and the Holy Spirit is SHE who milked him;

Because his breasts were full,
and it was undesirable that his milk
should be released without purpose.

The Holy Spirit opened HER bosom,
and mixed the milk of the two breasts of the Father.

Then SHE gave the mixture to the generation
without their knowing,
and those who have received it
are in the perfection of the right hand.

The song then speaks of the Virgin Mary who becomes pregnant and bears the Son (the one the generation received, but did not know it). The song shifts to speaking how the Virgin Mary bore the Son, cared for the Son and served and protected him in love. It does all this in eleven verses.

These Christians embrace images from Scripture like 1 Peter 2.3 (‘newborn infants craving spiritual milk) and Isaiah 46.3-4

Listen to me, O house of Jacob,
all the remnant of the house of Israel,
who have been born by me from your birth,
carried from the womb;
even to your old age I am he,
even when you turn gray I will carry you.
I have made you, and I will bear;
I will carry and will save

And Isaiah 49.15-16

Can a woman forget her nursing child,
or show no compassion for the child of her womb?
Even these may forget,
yet I will not forget you.
See, I have you inscribed on the palms of my hands

And Jesus’s unforgettable parable of God as a woman and her lost coin in Luke 15.8-10.

Yet these images of the Father and the Spirit startle us. Not because they are unbiblical but because we have not integrated the biblical imagery of the divine feminine into our religious vocabulary and culture. But it has been there all along. All that humanity is (male and female) is reflected in the Trinity.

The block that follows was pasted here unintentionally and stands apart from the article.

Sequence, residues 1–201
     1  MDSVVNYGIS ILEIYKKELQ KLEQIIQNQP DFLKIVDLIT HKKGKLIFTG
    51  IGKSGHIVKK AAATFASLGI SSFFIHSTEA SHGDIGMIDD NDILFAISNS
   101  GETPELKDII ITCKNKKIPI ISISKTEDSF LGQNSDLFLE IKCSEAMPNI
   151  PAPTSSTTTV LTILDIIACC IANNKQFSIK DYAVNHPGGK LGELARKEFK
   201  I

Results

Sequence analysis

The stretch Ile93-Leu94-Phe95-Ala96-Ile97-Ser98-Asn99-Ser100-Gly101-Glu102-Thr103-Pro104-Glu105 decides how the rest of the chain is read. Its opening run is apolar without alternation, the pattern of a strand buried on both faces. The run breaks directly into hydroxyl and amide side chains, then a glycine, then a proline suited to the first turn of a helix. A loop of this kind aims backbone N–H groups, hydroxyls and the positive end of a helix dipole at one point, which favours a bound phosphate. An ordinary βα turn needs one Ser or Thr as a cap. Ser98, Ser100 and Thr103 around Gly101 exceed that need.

God is not ontologically male or female but whatever humanity is, male and female, it is created in the “image” of God. Unlike in Greek, the word for “Spirit” in Syriac is … feminine (it is neuter in Greek). The Holy Spirit is “feminine” and is referred to as a “she” in almost all early Syriac Christian writings.

Much depends on the language we speak (the “culture” in which we live). These ancient Christians remind us that God is not a man (i.e. male) and that males are more in the image of God than females. No the God in whose image we are created is reflected in both maleness and femaleness. It may have a significant impact on how one treats the woman sitting next to you in worship or meet on the street if every time I speak I speak of the Holy Spirit’s activity I say,

And She …

You can get James H. Charlesworth’s translation of the Odes of Solomon by clicking on the link.


One Response to ““And She …” The Feminine Holy Spirit in Ancient Christianity”

  1. Jerry Starling Says:

    Very interesting. This information SHOULD stand some of our traditions on their head! (But I doubt very much that it will. Sigh!) The traditions are so deeply engrained in us, and we have preached them so long that our hearts are hardened to any ‘new’ (ancient) information. How many preachers even know (or think about) the fact that Deity is neither male or female (except for Jesus, who was born male and still retains his human body)? Then to learn that in the heart language of the 1st century the Holy Spirit is described with the feminine ‘she’ is a real shock to the system.

    Thanks for this post.